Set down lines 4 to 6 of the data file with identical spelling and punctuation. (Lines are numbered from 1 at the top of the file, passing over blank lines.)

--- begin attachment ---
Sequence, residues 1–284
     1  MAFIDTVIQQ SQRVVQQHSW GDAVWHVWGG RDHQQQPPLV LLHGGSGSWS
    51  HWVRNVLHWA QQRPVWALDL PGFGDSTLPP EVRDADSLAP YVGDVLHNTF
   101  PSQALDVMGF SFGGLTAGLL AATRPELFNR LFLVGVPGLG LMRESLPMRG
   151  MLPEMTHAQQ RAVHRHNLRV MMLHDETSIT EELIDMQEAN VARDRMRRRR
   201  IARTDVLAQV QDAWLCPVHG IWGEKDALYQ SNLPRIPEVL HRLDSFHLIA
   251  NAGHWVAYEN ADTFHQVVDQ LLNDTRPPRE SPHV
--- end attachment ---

   101  PSQALDVMGF SFGGLTAGLL AATRPELFNR LFLVGVPGLG LMRESLPMRG
   151  MLPEMTHAQQ RAVHRHNLRV MMLHDETSIT EELIDMQEAN VARDRMRRRR
   201  IARTDVLAQV QDAWLCPVHG IWGEKDALYQ SNLPRIPEVL HRLDSFHLIA